into association with other organisms in the course of their existence. Without any 
consideration whether or not "interaction" (in the mathematical sense) operates, 
biologists are prone to see "interaction" when terms like "association," "relationship" or 
just "relation" suffice (Burrows, 1987). Wallace (1983) suggested that use of the term 
"interaction" should be restricted to quantitative plant disease interactions showing 
synergism or antagonism. This would be interaction in the statistical sense rather than in 
the descriptive sense. According to Burrows (1987), all nonstatistical qualitative 
interactions can be simply termed "relationship" or "relation." 

Similarly, use of the term "synergism" and "antagonism" has been variable, with 
different connotations. Dickinson (1979) described how the word synergism was 
introduced in plant pathology and was defined as "an association of two more organisms 
acting at one time and affecting a change that only one is not able to make." Powell 
(1979) defined synergism as "the concurrent or sequential pathogenesis of host plant by 
two or more pathogens in which the combined effects of the two pathogens are greater 
than the sum of the effects of each pathogen alone." The first definition is somewhat 
more qualitative whereas the definition of Powell (1979) is quantitative and more useful 
in nematology. In statistics, the term synergism is used to indicate a positive interaction ( 



i.e. the sum of the treatment effects is not simply additive) (Wallace, 1983, 1989). 
Wallace (1983) proposed the avoidance of the terms synergism and antagonism 
altogether and suggested that the events could be adequately described by the terms 
positive and negative interactions, respectively. 

The statistical definitions of additivity and interaction (antagonistic or synergistic) 
are used in this dissertation. It should be noted, however, that the statistical definition of 
additivity is somewhat at variance with normal usage of the word in a biological sense 
(Duncan and Ferris, 1982). These differences are shown if we consider the plant or 
nematode response to increasing population densities of a single nematode species. A 
typical damage function describing yield as a function of initial nematode population 
density (Pi) is sigmoid. The relationship can be linearized by log transformation of Pi. 
Thus, each successive increment of yield loss is associated with increasingly larger 
cohorts of pathogens. These functions illustrate that each successive infection by a 
nematode causes proportionately less yield loss than did the preceding nematodes, and 
they represent an additive effect. The same phenomenon occurs with respect to 
population growth. Because of intraspecific competition for resources, population 
growth rate is inversely proportionate to Pi. The biological and mathematical basis for 
this phenomenon was described by Nicholson (1933) and extended to nematology by 
Seinhorst (1965). Seinhorst's model was extended to describe more than a single 
nematode species (Duncan and Ferris, 1982). In practical terms, additive effects on yield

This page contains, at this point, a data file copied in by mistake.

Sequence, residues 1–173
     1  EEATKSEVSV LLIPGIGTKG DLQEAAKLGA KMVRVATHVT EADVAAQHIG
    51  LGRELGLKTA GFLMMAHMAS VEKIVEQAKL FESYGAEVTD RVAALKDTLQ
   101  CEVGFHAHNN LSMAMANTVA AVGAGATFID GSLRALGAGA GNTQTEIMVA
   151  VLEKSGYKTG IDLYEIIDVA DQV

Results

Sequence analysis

or population growth involving one or several species can be predicted by these models. 
Therefore, any system involving more plant damage or population growth than predicted 
by these models could be considered synergistic, while any involving less damage or 



population growth could be considered antagonistic. Any system predicted by the 
models would be additive; that is, no interaction occurred. 

Tylenchulus semipenetrans 

Tylenchulus semipenetrans was observed for the first time in 1912 by J. R. 
Hodges, a horticultural inspector for Los Angeles County, California (Thomas, 1913). 
Subsequent reports showed that this nematode is widespread and occurs in all citrus- 
producing regions of the world (Heald and O'Bannon, 1987; Van Gundy and Meagher, 
1977). The citrus nematode is the causal agent of a disease called citrus slow decline. 
This disease is so named because the nematode population increases slowly throughout 
the root system and requires several years to debilitate trees and reduce fruit yield (Cohn 
et al., 1965; Reynolds and O'Bannon, 1963). Symptoms of the disease appear sooner 
when trees are replanted in infested soil. High population densities of T. semipenetrans 
in replanted soil was reported to kill young trees within the first year of replanting 
(Thome, 1961). 
Biology of Tylenchulus semipenetrans 

The life stages of T. semipenetrans consist of the egg stage, four juvenile stages 
(J1-J4) and the adult stage (Cobb, 1914; Van Gundy, 1958). The life cycle from egg to 
egg is completed within 6-8 weeks, depending on the host, average soil temperature and 
other environmental factors (Cohn, 1965; O'Bannon et al., 1966; Van Gundy, 1958). 
Development of the first-stage juvenile proceeds within the egg where the first molt 
occurs (Gutierrez, 1947). All stages parasitize root parts except eggs, Jl and males (Van 
Gundy, 1958). The J2, J3, and J4 stages feed on young citrus feeder roots (epidermal and 
hypodermal cells (Cohn, 1965; Schneider and Baines, 1964; Van Gundy and Kirkpatrick, 
1964). Juveniles take approximately 2 weeks to become associated with the roots and 



begin feeding on the epidermal cells (Van Gundy, 1958). Penetration occurs 19 days 
after inoculation on average. Then immature females (J4) complete the infection phase